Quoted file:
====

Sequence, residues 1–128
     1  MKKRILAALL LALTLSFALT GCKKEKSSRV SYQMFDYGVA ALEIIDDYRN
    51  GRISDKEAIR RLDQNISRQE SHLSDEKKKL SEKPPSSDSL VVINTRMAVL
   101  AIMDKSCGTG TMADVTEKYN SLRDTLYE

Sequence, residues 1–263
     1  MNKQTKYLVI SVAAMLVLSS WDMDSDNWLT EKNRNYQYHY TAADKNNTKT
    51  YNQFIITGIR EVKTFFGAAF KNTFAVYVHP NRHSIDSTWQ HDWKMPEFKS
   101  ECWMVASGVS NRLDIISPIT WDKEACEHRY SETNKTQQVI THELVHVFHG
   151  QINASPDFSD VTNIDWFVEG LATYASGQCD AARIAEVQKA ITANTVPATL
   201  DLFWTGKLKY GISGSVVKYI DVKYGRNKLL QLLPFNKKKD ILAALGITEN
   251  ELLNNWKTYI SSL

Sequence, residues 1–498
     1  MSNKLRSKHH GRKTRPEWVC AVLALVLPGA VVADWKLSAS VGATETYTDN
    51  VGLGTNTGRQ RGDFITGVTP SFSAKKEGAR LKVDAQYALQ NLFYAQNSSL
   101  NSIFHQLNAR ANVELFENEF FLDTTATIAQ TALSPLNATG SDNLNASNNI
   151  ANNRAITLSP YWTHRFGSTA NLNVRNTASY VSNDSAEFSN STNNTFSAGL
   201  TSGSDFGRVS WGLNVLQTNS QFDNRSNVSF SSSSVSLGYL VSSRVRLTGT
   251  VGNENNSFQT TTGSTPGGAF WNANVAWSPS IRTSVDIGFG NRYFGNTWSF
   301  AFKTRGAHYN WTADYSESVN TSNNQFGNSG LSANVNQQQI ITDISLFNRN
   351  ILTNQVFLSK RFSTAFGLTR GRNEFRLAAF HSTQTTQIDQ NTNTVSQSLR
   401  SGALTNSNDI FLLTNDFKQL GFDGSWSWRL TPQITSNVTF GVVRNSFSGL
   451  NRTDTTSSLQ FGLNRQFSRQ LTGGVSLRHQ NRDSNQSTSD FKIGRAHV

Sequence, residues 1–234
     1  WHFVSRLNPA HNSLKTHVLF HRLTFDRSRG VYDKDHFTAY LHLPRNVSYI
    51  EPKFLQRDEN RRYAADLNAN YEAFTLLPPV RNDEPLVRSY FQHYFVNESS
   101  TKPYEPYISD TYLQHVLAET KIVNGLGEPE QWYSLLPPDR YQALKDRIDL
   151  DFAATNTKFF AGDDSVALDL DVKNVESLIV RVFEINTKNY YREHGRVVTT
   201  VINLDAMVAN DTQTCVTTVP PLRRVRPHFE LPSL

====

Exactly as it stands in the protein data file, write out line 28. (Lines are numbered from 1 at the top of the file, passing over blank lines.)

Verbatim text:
   201  VINLDAMVAN DTQTCVTTVP PLRRVRPHFE LPSL